Different Dialogues : Mr. Narain R. Sawlani

Professional Background: Chairman of Radiant Traders and Royal Gardens Centre, Dubai-UAE. Educational Background: Jr. B.A. from Jai Hind College, Mumbai-India.
Social Background: Trustee at The Indian High School-Dubai. Trustee at India Club-Dubai. Member-Managing Committee of Hindu Cremation Ground-Dubai. Avid Photographer. Author of the book: DUBAI CREEK.

The seed of this captivating interview was planted not by accident.

In a conversation with H. E Mirza Al Sayegh in the year 2013, he had mentioned in strength, about Narain R. Sawlani. In our discussion, then, H. E. Mirza Al Sayegh fondly recalled, ‘To help in the cause of our charity work, when we started sending sewing machines to Tanzania and other places, someone said it was better still if we send textiles along with the sewing machines. Narain Sawlani’s name came up and when he was approached, Narain Sawlani was willing to give the textile material. There are good, helpful Indian people. Hemchand Bhatia is another name.’

H.E. Mirza Al Sayegh, who first served as deputy ambassador in New Delhi in 1973, and later as head of the UAE Consular Mission at Mumbai from 1974 to 1976, never forgets to praise the Indian Community of Dubai. In fact, he has mentioned that there are among various factors to the (UAE’s) success, the Indian Community is one of them.

I met Narian Sawlani at public gatherings, and during our brief meetings, we both agreed that his stockpiled memories of coming to Dubai from India should be revived through the conduit of my Blog www.geetachhabra.com.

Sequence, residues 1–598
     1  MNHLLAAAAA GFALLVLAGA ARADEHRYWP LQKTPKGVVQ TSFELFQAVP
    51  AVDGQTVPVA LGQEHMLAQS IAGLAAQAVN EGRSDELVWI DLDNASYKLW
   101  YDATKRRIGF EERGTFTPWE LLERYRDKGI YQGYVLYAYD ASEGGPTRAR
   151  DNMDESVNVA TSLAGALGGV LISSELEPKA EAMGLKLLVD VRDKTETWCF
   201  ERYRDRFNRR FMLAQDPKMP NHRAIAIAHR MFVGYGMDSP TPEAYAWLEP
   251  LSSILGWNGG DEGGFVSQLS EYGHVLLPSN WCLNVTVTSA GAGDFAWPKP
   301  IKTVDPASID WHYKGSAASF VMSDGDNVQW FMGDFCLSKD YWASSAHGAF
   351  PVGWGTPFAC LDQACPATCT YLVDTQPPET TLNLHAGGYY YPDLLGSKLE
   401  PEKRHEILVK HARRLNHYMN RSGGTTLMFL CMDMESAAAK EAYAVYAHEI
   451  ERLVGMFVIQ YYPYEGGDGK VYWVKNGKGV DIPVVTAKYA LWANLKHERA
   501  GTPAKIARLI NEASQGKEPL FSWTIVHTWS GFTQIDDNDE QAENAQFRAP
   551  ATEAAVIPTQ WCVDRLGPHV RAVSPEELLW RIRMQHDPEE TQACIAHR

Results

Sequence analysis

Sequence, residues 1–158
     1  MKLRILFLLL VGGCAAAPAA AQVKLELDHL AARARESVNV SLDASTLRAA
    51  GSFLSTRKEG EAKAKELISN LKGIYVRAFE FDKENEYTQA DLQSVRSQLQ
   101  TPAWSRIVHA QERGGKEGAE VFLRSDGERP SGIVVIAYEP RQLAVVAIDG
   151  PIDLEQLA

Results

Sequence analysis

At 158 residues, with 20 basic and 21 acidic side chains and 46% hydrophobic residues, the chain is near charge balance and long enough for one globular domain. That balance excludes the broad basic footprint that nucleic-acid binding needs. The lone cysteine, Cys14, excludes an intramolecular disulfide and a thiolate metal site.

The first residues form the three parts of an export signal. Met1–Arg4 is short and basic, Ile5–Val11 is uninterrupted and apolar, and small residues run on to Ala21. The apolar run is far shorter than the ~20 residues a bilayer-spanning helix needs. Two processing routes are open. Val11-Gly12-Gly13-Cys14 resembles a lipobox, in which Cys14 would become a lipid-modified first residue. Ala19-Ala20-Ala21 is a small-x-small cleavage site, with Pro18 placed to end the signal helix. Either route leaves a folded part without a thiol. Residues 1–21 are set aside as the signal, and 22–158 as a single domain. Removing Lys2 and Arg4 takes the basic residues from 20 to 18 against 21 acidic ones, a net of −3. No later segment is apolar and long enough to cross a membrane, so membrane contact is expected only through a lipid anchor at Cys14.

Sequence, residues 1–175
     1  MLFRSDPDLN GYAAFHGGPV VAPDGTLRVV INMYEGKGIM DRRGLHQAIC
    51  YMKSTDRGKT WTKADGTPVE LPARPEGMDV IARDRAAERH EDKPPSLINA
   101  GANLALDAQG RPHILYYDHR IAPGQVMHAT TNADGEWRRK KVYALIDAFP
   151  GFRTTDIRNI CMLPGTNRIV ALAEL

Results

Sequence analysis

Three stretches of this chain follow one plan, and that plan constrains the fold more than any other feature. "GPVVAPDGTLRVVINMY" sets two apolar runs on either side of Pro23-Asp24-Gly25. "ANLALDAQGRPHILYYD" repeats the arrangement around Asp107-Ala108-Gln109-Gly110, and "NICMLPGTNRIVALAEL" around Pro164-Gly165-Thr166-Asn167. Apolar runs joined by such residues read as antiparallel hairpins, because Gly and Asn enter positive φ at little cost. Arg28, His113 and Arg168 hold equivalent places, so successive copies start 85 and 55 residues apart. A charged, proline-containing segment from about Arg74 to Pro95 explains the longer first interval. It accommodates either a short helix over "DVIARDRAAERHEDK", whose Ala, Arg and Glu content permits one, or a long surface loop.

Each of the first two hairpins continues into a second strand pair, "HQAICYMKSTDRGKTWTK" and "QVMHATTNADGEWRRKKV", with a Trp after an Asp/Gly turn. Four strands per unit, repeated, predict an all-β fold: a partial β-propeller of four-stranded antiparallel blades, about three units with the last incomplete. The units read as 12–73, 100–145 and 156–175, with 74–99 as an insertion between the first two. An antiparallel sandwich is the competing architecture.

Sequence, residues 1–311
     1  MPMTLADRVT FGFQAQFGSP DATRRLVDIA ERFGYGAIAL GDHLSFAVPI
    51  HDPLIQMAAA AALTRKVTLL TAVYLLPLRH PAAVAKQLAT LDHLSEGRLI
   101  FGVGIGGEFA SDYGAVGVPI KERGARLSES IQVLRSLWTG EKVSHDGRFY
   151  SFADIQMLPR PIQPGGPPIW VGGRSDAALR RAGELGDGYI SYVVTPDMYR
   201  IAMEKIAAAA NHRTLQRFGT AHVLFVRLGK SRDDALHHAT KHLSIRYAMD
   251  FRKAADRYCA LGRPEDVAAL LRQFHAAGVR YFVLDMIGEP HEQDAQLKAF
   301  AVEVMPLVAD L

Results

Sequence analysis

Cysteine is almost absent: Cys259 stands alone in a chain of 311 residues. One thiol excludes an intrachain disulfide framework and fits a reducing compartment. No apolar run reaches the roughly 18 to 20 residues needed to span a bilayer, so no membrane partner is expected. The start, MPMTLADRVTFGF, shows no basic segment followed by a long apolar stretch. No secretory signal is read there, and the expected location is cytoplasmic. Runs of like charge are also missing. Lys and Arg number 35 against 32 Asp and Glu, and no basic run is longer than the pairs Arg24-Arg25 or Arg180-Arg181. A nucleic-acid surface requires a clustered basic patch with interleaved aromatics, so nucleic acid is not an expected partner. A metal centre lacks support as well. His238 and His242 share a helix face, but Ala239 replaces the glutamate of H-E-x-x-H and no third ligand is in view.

In conclusion, only in recent months, we got down to achieve our mutual goal, when, one very late afternoon, I began a racy conversation with 81 year old Narian Sawlani at his villa in Al Barsha, Dubai. From start to finish, he talked with immense affection of Dubai and also mentioned his oldest ties with India where he and his family have homes. He explained, ‘My mother Bhojibai came and went between Dubai and Mumbai – our home was in Dadar, then in Matunga, and now in Bandra. My first trip to Dubai was a sojourn, in my second trip, I decided to leave Mumbai and make Dubai my main home.’

When Narain Sawlani touched the shores of Dubai in 1958, the famed Arabist John Lorimer’s (1870-1914) recorded statistics held no more because by now, Dubai had evolved sufficiently, promising a bloom for the future. Lorimer’s Deira consisted of only 1600 houses and 350 shops. In the Creek, his estimation showed a measly number of 20 small boats – water-taxis to carry passengers between the two banks of the Creek. In Dubai there were basically 200 houses and around 50 shops. Now the base numbers showed a huge spurt as times had changed to a very vast extent.